## 13.29 Unbounded complexes

A reference for the material in this section is . The following lemma is useful to find “good” left resolutions of unbounded complexes.

Lemma 13.29.1. Let $\mathcal{A}$ be an abelian category. Let $\mathcal{P} \subset \mathop{\mathrm{Ob}}\nolimits (\mathcal{A})$ be a subset. Assume $\mathcal{P}$ contains $0$, is closed under (finite) direct sums, and every object of $\mathcal{A}$ is a quotient of an element of $\mathcal{P}$. Let $K^\bullet$ be a complex. There exists a commutative diagram

$\xymatrix{ P_1^\bullet \ar[d] \ar[r] & P_2^\bullet \ar[d] \ar[r] & \ldots \\ \tau _{\leq 1}K^\bullet \ar[r] & \tau _{\leq 2}K^\bullet \ar[r] & \ldots }$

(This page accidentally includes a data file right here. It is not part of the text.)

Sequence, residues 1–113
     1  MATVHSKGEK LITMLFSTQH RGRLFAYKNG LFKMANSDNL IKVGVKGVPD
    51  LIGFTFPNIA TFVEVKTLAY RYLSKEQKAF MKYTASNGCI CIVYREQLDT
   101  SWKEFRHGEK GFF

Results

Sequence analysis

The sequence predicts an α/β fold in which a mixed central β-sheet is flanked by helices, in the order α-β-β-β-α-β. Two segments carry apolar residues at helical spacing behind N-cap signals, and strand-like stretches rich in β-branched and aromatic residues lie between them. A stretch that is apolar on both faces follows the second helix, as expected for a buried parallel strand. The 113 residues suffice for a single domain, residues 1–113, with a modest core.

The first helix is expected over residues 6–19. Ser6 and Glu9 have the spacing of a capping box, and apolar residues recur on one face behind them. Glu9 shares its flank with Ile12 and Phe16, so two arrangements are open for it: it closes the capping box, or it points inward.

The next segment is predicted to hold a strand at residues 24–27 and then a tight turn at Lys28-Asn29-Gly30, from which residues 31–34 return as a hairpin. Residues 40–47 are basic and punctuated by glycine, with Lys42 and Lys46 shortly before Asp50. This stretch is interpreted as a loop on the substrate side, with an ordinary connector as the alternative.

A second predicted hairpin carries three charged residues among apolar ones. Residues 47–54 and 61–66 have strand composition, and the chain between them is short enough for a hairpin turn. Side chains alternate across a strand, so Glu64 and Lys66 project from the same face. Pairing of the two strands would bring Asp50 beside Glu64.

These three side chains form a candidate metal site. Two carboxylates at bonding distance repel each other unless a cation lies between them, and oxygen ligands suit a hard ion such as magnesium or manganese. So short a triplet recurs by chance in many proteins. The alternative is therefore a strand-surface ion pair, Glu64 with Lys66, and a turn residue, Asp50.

in the category of complexes such that

1. the vertical arrows are quasi-isomorphisms and termwise surjective,

2. $P_ n^\bullet$ is a bounded above complex with terms in $\mathcal{P}$,

3. the arrows $P_ n^\bullet \to P_{n + 1}^\bullet$ are termwise split injections and each cokernel $P^ i_{n + 1}/P^ i_ n$ is an element of $\mathcal{P}$.

Proof. We are going to use that the homotopy category $K(\mathcal{A})$ is a triangulated category, see Proposition 13.10.3. By Lemma 13.15.4 we can find a termwise surjective map of complexes $P_1^\bullet \to \tau _{\leq 1}K^\bullet$ which is a quasi-isomorphism such that the terms of $P_1^\bullet$ are in $\mathcal{P}$. By induction it suffices, given $P_1^\bullet , \ldots , P_ n^\bullet$ to construct $P_{n + 1}^\bullet$ and the maps $P_ n^\bullet \to P_{n + 1}^\bullet$ and $P_{n + 1}^\bullet \to \tau _{\leq n + 1}K^\bullet$.